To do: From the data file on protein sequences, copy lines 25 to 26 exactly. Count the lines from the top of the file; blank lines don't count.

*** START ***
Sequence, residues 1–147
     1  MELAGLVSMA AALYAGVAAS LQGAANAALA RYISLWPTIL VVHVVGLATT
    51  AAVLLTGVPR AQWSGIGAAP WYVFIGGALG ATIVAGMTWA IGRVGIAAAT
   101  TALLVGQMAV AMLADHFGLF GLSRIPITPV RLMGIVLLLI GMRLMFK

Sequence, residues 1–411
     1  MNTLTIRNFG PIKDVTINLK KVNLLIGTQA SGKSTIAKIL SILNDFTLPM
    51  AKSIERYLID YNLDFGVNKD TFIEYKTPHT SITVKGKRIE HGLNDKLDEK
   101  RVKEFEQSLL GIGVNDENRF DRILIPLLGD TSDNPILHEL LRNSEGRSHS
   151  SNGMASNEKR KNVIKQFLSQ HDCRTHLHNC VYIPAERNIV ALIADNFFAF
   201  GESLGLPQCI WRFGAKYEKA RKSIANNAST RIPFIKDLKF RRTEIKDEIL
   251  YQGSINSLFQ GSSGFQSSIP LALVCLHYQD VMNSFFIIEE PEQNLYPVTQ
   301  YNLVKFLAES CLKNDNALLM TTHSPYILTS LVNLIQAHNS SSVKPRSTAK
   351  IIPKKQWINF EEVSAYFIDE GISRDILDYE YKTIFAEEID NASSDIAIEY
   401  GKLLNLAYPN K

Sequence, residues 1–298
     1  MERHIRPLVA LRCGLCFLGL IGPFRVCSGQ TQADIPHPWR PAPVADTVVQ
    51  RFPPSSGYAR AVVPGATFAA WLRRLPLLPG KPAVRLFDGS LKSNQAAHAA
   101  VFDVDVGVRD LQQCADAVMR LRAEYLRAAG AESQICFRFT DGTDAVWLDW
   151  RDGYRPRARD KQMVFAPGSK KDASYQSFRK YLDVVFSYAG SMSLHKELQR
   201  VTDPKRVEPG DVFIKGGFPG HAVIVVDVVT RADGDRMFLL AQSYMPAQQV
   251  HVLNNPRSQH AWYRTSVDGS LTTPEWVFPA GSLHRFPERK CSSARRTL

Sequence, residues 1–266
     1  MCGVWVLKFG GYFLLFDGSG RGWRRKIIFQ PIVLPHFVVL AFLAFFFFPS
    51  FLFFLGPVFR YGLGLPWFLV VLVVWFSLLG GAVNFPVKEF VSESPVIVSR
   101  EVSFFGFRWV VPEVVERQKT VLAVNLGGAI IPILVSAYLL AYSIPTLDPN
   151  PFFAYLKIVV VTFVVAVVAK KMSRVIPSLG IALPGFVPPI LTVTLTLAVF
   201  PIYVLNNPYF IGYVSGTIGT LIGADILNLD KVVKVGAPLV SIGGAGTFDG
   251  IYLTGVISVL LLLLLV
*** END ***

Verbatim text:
   101  EVSFFGFRWV VPEVVERQKT VLAVNLGGAI IPILVSAYLL AYSIPTLDPN
   151  PFFAYLKIVV VTFVVAVVAK KMSRVIPSLG IALPGFVPPI LTVTLTLAVF